Washington, D.C. — A human rights advocate has told the United States Congress that the current situation in the Ogaden region of eastern Ethiopia has striking similarities to Darfur in the run-up to the humanitarian crisis in 2003 and 2004.
"The Ogaden is not Darfur," Saman Zia Zarifi, the Washington advocate for Human Rights Watch, told the House of Representatives Subcommittee on Africa and Global Health at a Tuesday hearing on the state of Ethiopia's democracy.
"But the situation in Ogaden follows a frighteningly familiar pattern - a brutal counterinsurgency operation with ethnic overtones in which government forces deliberately attack civilians and displace large populations, coupled with severe restrictions on humanitarian assistance."
The long-simmering conflict in the Ogaden region of Ethiopia's Somali state has escalated in recent months. In April, the rebel Ogaden National Liberation Front (ONLF) attacked a Chinese oil installation, resulting in the death of 77 people, including nine Chinese oil workers. In response to this attack, the Ethiopian government launched a counterinsurgency campaign.
Zarifi accused the Ethiopian military of "trigging a looming humanitarian crisis." He reported that Human Rights Watch has learned that the Ethiopian military has killed hundreds of civilians in their counterinsurgency campaign.
Most worrying, according to Zarifi, is the widespread sexual violence: "We have spoken to several rape victims who were gang-raped to the point of unconsciousness by Ethiopian soldiers who took them from their homes and raped them either at the army bases - suggesting that the army allows such abuses - or in the bush. Some of the girls were killed after the rapes, and a few suffered serious injuries and infections and later died."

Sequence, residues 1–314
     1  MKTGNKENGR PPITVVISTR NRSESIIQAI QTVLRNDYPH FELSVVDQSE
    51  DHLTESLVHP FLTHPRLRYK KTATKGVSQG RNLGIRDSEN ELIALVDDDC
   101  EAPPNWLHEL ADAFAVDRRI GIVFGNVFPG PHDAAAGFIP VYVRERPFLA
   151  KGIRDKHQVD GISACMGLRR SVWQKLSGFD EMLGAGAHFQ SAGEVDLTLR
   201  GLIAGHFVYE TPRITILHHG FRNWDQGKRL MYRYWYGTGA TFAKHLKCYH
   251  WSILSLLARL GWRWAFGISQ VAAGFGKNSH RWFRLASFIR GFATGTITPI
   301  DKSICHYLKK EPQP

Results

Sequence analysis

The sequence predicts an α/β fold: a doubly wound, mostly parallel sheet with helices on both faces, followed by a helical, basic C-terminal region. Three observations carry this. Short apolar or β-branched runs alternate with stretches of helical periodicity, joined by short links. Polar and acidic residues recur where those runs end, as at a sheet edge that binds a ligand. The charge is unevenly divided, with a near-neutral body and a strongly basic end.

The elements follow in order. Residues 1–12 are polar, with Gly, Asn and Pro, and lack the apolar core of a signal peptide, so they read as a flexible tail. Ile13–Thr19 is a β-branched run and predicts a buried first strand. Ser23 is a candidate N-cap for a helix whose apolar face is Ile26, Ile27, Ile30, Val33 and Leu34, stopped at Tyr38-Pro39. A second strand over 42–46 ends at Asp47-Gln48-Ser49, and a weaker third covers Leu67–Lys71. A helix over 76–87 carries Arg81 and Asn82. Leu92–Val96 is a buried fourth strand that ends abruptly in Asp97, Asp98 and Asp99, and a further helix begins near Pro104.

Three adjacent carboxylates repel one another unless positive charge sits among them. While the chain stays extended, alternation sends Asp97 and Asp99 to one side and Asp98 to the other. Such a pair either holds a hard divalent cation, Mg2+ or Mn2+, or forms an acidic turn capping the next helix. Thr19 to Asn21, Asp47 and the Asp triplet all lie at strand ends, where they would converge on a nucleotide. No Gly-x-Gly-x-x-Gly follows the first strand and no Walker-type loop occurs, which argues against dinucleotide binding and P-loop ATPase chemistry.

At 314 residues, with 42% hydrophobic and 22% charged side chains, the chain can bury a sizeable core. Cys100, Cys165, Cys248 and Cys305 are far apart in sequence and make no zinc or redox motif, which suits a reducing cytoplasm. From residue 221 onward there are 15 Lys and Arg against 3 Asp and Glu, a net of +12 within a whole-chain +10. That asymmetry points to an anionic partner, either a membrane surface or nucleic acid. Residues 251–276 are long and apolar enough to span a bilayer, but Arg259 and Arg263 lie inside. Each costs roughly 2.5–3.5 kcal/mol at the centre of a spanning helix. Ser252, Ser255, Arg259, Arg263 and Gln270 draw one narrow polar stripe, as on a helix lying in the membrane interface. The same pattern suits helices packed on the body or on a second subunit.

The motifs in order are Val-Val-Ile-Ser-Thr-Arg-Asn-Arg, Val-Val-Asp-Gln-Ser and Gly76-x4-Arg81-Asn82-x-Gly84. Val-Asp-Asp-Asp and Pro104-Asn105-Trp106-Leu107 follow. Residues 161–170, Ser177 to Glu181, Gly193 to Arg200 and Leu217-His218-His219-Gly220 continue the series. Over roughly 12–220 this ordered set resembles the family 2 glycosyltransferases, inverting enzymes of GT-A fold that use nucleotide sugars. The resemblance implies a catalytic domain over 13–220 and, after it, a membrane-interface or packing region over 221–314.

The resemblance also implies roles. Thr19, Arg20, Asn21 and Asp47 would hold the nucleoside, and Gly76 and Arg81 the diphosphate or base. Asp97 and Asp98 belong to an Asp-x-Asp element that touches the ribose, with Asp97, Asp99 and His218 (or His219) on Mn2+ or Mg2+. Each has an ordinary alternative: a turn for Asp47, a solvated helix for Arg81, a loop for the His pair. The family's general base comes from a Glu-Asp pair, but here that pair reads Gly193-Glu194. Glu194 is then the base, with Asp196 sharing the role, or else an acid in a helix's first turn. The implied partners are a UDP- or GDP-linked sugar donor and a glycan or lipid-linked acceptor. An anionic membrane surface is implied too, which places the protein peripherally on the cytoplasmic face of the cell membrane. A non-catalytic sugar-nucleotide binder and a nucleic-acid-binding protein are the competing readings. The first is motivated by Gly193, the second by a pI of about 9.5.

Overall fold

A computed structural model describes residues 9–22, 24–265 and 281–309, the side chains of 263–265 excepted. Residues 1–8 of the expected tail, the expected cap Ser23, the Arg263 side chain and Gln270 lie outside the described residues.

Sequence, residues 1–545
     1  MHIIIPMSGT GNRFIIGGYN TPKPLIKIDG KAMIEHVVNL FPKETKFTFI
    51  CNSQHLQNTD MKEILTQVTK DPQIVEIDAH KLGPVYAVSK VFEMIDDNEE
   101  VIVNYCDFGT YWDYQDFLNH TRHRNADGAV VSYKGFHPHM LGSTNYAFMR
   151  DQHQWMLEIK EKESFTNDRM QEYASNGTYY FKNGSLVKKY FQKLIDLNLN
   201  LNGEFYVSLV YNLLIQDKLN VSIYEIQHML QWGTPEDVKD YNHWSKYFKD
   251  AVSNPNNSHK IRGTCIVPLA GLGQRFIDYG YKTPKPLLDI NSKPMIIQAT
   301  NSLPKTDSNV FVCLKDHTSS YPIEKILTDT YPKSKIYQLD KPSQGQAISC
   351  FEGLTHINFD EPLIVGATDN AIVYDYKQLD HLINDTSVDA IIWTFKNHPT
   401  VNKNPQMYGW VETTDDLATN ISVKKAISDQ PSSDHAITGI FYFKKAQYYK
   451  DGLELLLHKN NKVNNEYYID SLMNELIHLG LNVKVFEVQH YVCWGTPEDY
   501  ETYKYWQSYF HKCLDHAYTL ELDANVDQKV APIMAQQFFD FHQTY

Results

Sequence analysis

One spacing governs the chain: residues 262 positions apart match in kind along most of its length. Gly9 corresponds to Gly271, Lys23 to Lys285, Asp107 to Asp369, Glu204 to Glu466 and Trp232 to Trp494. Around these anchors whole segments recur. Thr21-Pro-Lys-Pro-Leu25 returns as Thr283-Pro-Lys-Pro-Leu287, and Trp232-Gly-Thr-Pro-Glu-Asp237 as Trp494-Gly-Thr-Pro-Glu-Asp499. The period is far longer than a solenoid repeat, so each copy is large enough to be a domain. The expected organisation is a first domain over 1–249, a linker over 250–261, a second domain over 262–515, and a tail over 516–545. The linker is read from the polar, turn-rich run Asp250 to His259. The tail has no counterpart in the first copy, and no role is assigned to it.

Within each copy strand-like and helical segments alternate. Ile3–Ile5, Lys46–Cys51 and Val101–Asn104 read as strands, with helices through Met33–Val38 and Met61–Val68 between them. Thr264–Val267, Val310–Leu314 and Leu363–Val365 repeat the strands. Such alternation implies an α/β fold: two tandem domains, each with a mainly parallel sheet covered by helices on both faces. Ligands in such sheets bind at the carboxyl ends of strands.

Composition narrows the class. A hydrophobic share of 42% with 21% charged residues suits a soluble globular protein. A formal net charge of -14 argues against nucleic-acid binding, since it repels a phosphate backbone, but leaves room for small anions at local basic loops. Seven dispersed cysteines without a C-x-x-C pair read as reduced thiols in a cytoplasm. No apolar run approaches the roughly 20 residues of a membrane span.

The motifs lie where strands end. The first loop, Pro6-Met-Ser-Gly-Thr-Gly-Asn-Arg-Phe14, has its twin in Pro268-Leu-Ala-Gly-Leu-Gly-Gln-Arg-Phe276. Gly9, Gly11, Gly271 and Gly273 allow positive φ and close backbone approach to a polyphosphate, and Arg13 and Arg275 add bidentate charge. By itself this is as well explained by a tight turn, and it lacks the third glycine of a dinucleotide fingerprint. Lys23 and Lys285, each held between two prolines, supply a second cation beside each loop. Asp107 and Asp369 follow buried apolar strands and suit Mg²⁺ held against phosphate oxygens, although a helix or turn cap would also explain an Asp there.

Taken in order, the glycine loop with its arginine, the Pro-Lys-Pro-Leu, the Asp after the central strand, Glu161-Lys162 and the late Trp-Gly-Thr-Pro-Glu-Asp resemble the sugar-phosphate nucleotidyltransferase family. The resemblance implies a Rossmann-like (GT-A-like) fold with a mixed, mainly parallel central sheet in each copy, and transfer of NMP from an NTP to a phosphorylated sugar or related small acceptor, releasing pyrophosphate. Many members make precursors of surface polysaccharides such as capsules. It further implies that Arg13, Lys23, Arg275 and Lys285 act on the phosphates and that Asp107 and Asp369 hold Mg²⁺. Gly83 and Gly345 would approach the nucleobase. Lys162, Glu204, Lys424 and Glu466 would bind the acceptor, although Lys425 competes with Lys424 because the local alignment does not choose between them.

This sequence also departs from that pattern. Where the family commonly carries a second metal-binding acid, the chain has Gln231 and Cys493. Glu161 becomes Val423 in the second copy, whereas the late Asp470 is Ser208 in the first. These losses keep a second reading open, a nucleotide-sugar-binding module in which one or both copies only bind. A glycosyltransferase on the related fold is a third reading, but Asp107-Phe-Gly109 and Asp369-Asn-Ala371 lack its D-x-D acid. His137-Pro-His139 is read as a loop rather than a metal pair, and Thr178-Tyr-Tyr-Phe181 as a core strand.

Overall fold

Another panelist, Fowsia Addulkadir, a founding member of the Ogaden Human Rights Committee of Canada, said that the rapes are spreading HIV/Aids at an alarming rate.
Jendayi Frazer, the top diplomat for the United States on Africa, also testified before the committee, emphasizing the importance of finding a political solution to the crisis before the Ogaden region becomes engulfed in a major humanitarian crisis. Frazer had just returned from a visit to Goda, an area of the Ogaden region.
"The United States has seen numerous allegations of human rights abuses conducted by all parties, including reports of burned villages and population displacements," Frazer said.
Frazer said that both the Ethiopian military and OLNF have restricted humanitarian access and commercial trade in the region. According to Frazer, three aid workers were killed when their vehicle hit a landmine placed by the ONLF in July.
Additionally, Frazer said that the government of Eritrea continues to support the ONLF. Top ONLF officials denied this charge in a recent interview with AllAfrica. Frazer was especially critical of Eritrea, a country that Frazer said last month the United States was considering adding to the list of state sponsors of terrorism.
The Ethiopian government has consistently called for the ONLF to be labeled by the United States as a terrorist organization. Frazer hesitated to go that far when asked if the U.S. had considered such an act:
"We really looked at the ONLF differently after the killing of the Chinese workers in the Ogaden, but we have not declared it a terrorist organization."
Zarifi took a different line, stating that the ONLF is "widely viewed as a secular nationalist group," adding, "Indeed, prior to Ethiopia's demand that U.S. forces withdraw from the Ogaden, the U.S. military apparently cooperated with the ONLF in efforts to monitor the region for alleged terrorist activity."
Subcommittee chair Donald Payne encouraged the American administration to pursue negotiations with the ONLF. "The ONLF have indicated that they want to be part of Ethiopia and are willing to have negotiations. However, no one seems interested in dialogue," he said. "I met with the ONLF right here in Washington a week ago."
Frazer said that State Department officials have met with ONLF officials and the United States has urged the ONLF to renounce violence as a first step toward negotiation.
Zarifi, however, had harsh criticism for the administration's policy on the Ogaden: "We are alarmed by any indication that they will have to wait. How much worse can it get? We cannot afford to have another Darfur-like situation in Africa before the administration takes a stronger line."